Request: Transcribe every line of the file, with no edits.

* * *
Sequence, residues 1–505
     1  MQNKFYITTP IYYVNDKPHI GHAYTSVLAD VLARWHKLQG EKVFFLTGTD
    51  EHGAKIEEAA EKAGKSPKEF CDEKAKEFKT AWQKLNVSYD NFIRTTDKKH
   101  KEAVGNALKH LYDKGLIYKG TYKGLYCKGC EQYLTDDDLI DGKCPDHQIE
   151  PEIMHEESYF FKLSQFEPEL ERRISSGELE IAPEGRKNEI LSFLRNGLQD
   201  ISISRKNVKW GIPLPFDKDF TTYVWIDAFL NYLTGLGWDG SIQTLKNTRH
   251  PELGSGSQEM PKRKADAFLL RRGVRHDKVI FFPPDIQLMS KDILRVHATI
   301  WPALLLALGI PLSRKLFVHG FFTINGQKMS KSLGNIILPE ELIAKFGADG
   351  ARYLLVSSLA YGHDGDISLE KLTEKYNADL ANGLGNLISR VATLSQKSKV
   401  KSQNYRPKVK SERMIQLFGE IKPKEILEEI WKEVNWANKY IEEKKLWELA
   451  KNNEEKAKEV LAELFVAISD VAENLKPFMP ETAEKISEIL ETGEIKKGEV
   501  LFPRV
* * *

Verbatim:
Sequence, residues 1–505
     1  MQNKFYITTP IYYVNDKPHI GHAYTSVLAD VLARWHKLQG EKVFFLTGTD
    51  EHGAKIEEAA EKAGKSPKEF CDEKAKEFKT AWQKLNVSYD NFIRTTDKKH
   101  KEAVGNALKH LYDKGLIYKG TYKGLYCKGC EQYLTDDDLI DGKCPDHQIE
   151  PEIMHEESYF FKLSQFEPEL ERRISSGELE IAPEGRKNEI LSFLRNGLQD
   201  ISISRKNVKW GIPLPFDKDF TTYVWIDAFL NYLTGLGWDG SIQTLKNTRH
   251  PELGSGSQEM PKRKADAFLL RRGVRHDKVI FFPPDIQLMS KDILRVHATI
   301  WPALLLALGI PLSRKLFVHG FFTINGQKMS KSLGNIILPE ELIAKFGADG
   351  ARYLLVSSLA YGHDGDISLE KLTEKYNADL ANGLGNLISR VATLSQKSKV
   401  KSQNYRPKVK SERMIQLFGE IKPKEILEEI WKEVNWANKY IEEKKLWELA
   451  KNNEEKAKEV LAELFVAISD VAENLKPFMP ETAEKISEIL ETGEIKKGEV
   501  LFPRV